The Social Science Encyclopedia

Authors: Kuper & Kuper
Summary: In about 500 words, the entry defines public choice as "the application of the economist's way of thinking to politics", and is thus regarded as synonym for the economic theory of politics. After a brief mention to the forerunners of this approach, the entry describes the areas of its application and closes with a concise summary of the recent empirical research employing this framework.
Even though the term was coined in the 1960s, this approach was first used by Condorcet, then by Italian and Scandinavian scholars of public finance and also by Schumpeter.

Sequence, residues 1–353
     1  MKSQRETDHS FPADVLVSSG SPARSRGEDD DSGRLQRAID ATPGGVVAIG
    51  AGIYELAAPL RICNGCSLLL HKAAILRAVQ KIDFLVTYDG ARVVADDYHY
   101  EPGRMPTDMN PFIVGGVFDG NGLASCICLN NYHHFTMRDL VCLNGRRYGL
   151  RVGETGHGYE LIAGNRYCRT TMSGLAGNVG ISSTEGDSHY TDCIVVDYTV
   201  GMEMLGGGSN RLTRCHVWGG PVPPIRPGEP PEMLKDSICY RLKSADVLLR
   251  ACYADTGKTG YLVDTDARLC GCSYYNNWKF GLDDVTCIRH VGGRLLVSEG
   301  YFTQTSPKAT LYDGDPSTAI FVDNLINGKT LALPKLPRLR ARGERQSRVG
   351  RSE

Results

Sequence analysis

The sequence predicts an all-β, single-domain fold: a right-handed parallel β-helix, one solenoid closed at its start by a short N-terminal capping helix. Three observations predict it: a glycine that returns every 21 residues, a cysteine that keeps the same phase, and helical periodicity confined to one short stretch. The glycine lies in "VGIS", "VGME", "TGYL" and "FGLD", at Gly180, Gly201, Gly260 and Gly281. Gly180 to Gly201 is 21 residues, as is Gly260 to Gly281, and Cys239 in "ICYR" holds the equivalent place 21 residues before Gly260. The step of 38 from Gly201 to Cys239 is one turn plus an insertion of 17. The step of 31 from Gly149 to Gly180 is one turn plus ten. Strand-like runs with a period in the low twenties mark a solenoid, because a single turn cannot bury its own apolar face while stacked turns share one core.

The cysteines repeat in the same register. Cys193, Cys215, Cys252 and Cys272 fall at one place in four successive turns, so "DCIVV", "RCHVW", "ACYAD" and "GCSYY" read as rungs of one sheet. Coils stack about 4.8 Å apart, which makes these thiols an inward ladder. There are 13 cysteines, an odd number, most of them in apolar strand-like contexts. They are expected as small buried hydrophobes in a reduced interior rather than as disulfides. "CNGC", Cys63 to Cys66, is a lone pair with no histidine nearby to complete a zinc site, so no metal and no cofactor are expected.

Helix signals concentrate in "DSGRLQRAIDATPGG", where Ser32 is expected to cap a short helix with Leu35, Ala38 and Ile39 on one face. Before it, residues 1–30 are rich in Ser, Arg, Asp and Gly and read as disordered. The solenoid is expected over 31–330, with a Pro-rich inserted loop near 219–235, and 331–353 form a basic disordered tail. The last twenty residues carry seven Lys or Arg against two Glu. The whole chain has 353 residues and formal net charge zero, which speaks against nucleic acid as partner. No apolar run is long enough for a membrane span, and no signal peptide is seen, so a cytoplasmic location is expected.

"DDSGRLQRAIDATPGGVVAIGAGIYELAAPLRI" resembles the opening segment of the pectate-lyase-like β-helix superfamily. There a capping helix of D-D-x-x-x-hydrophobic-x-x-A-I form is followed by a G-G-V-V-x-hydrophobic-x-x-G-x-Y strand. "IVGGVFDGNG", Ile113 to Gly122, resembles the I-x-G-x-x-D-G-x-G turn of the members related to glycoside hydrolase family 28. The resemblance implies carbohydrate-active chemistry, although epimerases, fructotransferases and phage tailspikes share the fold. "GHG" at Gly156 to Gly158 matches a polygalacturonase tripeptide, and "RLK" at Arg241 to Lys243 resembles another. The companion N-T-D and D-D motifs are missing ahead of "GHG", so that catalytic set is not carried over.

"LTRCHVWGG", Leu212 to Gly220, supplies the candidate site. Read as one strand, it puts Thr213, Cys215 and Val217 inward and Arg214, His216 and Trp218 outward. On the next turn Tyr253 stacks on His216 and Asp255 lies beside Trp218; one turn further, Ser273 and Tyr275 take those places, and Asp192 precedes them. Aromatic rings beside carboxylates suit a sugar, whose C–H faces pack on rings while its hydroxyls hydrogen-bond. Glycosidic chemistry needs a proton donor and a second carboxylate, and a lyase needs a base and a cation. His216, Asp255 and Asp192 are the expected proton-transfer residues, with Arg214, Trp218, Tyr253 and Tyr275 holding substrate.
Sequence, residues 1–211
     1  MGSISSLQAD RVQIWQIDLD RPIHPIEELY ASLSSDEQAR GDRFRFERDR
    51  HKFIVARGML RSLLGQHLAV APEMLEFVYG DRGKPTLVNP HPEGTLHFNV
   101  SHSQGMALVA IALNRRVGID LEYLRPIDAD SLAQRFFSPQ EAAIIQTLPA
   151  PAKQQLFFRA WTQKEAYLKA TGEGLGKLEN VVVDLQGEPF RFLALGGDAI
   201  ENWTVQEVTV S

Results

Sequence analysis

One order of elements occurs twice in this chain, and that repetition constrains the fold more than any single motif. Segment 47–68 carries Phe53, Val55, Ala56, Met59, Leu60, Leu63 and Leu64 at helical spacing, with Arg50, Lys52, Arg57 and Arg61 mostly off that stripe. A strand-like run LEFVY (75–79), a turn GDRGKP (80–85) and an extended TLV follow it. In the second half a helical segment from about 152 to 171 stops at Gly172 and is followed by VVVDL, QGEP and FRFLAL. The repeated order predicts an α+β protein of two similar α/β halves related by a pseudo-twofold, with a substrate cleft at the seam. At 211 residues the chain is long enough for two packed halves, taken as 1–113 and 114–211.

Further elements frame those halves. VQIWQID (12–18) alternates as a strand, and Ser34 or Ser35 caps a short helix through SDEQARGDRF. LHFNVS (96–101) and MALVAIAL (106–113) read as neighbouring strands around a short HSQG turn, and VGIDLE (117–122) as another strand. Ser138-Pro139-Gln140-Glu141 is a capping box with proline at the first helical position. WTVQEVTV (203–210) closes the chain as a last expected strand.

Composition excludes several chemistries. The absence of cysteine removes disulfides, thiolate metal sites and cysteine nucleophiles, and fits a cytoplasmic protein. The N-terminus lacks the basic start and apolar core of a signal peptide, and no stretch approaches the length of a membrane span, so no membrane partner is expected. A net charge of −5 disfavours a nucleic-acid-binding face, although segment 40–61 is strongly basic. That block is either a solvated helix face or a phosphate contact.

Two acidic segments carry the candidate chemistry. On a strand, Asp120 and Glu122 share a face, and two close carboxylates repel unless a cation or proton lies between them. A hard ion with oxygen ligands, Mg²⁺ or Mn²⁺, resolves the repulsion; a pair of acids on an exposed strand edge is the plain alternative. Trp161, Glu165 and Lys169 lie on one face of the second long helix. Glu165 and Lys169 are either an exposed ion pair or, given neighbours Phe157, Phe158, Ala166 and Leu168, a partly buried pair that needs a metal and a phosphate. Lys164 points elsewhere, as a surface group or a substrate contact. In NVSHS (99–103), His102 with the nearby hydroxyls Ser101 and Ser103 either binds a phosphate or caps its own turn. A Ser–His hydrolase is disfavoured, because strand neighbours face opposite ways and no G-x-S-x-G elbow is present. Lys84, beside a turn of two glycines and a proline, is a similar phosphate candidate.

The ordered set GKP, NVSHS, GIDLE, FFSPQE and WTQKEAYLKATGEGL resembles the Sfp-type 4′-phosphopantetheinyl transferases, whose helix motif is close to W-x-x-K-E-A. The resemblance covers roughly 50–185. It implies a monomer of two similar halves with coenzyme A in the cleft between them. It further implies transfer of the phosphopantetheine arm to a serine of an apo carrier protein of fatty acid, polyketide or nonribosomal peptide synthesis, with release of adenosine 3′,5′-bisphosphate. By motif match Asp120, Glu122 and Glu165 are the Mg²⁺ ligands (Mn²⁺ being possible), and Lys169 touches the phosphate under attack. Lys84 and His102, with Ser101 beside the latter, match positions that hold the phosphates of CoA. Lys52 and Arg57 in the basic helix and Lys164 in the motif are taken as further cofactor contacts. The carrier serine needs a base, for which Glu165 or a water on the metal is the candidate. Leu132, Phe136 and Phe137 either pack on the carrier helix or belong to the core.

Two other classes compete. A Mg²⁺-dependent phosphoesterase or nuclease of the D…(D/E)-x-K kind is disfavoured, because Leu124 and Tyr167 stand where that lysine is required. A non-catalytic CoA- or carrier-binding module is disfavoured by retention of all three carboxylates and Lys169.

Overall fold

Nowadays public choice focuses on four areas:
1) preference aggregation, which applies Condorcet's impossibility theorem;
2) party competition, which looks for equilibria when two or more voting-maximizer parties compete in the elections;
3) interest groups, i.e. the identification of the motives why they emerge given that they provide public goods;
4) public bureaucracy, which studies how bureacracies use their monopoly in the provision of public services to expand government competences.
The entry closes by noticing that considering government endogenous to the political and economic system, rather than as given, has wide ranging implications for the theory of economic policy.